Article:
It’s like Tinder, but with fake news

What a time to be alive. In 2017, swiping right on a glass screen can be the start of a relationship, but anything you read on the same screen can be fake news. 

Former journalist Maggie Farley took these two things – the worst of two worlds, maybe – to make something funny, helpful and worth your time.

Farley built Factitious, an online game that tests how easily you can determine what is fake news.

When you play, an article pops up with a headline and photo, if it already has one. Simply read the article and swipe right if you think it’s real and left if you think it’s fake. If you’re really stumped, check the bottom of the article and click on a button that will you tell what the article’s source is. A window will pop up immediately telling you if you were correct. It will also include the article’s source and whether it’s reliable.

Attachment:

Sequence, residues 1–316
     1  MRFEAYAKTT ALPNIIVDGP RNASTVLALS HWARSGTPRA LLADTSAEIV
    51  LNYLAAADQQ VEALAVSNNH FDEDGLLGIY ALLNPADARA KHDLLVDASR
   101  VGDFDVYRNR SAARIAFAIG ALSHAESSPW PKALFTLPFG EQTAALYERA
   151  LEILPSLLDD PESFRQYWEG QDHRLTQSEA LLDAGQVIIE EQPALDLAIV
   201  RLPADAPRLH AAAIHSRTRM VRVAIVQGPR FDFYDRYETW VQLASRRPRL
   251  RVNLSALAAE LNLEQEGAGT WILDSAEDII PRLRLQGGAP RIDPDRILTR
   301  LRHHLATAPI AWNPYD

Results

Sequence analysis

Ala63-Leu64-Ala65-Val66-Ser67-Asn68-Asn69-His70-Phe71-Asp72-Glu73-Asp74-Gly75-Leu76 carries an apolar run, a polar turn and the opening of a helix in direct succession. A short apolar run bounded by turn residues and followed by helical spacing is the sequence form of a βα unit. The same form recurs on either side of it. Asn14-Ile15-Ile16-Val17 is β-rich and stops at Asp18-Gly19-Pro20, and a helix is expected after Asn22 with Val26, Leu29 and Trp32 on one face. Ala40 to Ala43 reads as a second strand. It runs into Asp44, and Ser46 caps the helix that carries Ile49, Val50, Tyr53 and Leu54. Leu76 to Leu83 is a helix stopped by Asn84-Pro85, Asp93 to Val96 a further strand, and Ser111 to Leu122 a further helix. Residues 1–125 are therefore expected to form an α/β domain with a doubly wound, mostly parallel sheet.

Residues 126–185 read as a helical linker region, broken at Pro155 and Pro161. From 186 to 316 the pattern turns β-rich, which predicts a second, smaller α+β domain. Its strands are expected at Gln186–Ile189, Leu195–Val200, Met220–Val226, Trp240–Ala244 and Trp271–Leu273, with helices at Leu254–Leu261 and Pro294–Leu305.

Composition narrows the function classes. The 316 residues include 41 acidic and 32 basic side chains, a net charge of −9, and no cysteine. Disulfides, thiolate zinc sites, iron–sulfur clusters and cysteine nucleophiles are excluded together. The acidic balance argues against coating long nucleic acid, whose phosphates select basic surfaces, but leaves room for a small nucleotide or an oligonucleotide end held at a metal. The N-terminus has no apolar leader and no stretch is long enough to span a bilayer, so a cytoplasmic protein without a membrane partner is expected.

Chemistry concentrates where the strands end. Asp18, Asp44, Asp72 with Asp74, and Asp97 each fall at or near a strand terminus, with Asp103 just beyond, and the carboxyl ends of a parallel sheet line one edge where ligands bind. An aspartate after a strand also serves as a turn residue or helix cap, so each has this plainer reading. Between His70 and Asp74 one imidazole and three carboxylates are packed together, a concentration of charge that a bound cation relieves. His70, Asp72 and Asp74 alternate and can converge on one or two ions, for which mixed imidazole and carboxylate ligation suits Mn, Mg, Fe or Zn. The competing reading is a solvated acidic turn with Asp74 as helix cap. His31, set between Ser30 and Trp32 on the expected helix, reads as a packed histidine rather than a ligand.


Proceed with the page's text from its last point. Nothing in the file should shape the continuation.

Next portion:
When you get your answer back, the game also provides information on how to identify fake news, such as reading the About pages of websites you’re not sure about and identifying credible sources.

factitious_fake_news_

Farley told NPR that it was originally meant for high-school and middle-school students – she used to create educational content for kids at Lucky G Media – but realised people of any age group could benefit from it. 

The game will be customisable for educators, newsrooms and organisations, meaning they can add content to be tested. It currently allows users to suggest content to be included, in case an article from The Onion appears to be getting too much credit. 

The game’s only downfall is that it doesn’t include the 140-character press releases that President Donald Trump loves to send out, even though those deserve a good “fake news” check.

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